Accusations about Taoiseach Brian Cowen’s fitness to go on air were branded grossly unfair and untrue tonight.
A string of Cabinet ministers offered a number of explanations for the heavily criticised performance – from Mr Cowen’s documented sinus problems to being hoarse and a poorly prepared broadcast studio.
Justice Minister Dermot Ahern described the Opposition accusations as “typical Fine Gael”.
“They have a history over the years of playing the man instead of the ball,” Mr Ahern said.
“It seems nowadays we can’t have a rational discussion about issues without people going off on a complete tangent, which I have to say is not true and is not fair. I think this is grossly unfair and grossly exaggerated.”
Severe criticism of the Taoiseach in political circles began initially with a posting on Twitter by Fine Gael transport spokesman Simon Coveney.
He described the radio interview as uninspiring and that Mr Cowen “sounded half way between drunk and hungover and totally disinterested”.
Foreign Affairs Minister Micheal Martin hit back at the opposition TD, saying: “I would have expected better from Simon.”
Transport Minister Noel Dempsey said he was shocked that Mr Cowen’s on-air delivery was the issue and not Government policy.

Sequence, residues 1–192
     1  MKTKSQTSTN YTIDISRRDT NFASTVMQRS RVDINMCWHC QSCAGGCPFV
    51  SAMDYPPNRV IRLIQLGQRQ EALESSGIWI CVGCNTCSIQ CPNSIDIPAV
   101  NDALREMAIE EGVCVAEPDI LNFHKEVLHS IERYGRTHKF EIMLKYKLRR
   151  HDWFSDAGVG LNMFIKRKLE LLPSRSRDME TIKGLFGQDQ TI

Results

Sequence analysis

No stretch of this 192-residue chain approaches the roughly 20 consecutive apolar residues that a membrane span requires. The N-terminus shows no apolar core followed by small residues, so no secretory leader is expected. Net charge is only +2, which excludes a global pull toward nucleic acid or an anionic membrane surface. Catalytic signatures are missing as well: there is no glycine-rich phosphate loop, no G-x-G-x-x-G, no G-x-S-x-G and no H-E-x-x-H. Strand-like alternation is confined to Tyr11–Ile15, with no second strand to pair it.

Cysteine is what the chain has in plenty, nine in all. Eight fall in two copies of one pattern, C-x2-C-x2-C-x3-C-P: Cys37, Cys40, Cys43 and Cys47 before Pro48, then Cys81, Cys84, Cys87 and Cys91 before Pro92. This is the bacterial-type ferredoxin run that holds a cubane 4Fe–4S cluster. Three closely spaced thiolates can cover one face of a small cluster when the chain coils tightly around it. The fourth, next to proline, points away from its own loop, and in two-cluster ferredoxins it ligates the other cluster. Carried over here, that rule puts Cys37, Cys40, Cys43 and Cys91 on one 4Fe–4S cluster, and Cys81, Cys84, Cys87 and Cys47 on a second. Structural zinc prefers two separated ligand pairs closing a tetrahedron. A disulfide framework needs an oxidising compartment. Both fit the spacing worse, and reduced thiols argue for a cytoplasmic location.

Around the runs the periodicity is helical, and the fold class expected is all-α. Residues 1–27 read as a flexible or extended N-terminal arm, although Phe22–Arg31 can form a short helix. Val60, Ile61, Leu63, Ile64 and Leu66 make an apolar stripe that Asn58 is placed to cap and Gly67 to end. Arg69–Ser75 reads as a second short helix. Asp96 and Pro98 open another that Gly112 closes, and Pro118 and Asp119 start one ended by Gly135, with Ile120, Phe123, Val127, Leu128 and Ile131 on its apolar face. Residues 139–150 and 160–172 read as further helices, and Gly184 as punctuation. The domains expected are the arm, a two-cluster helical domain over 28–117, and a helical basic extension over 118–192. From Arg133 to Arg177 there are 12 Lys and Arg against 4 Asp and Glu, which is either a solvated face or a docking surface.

“I thought that the content was very good. The Taoiseach dealt with very serious issues. I’m absolutely astounded that we’re now here doing interviews about the tone of his voice than the actual content,” Mr Dempsey said.
The minister suggested there was an underhand agenda at play, promoted by Fine Gael.
Defence Minister Tony Killeen said the poor sound on the interview was more to do with the broadcast set-up than the Taoiseach’s delivery.
“A lot of people might not realise that the studio that was in operation this morning was a corner of the restaurant in the hotel where people had tables very close by, were having their breakfast, the clattering of knives, forks, teapots and stuff,” Mr Killeen said.
“I was at a table fairly close by and the background noise in the so-called studio was, I thought, very distracting and was a factor.”
Tourism Minister Mary Hanafin accused the Taoiseach’s critics of demanding style over substance.
“What’s not good is that senior politicians like Simon Coveney and (Labour’s) Roisin Shortall would talk entirely about the style of the interview rather than the substance,” she said.
“What is happening here is that a man is being knocked because he was hoarse, groggy and congested early in the morning, which happens to an awful lot of people, particularly to the first person you are speaking to.
“It’s not about the way he tells them, it’s about what he’s saying.”
Dick Roche, junior minister for European affairs, had breakfast with the Taoiseach shortly after the 8.50am interview.
“I saw no evidence of a man who was anything but clear and coherent,” Mr Roche said.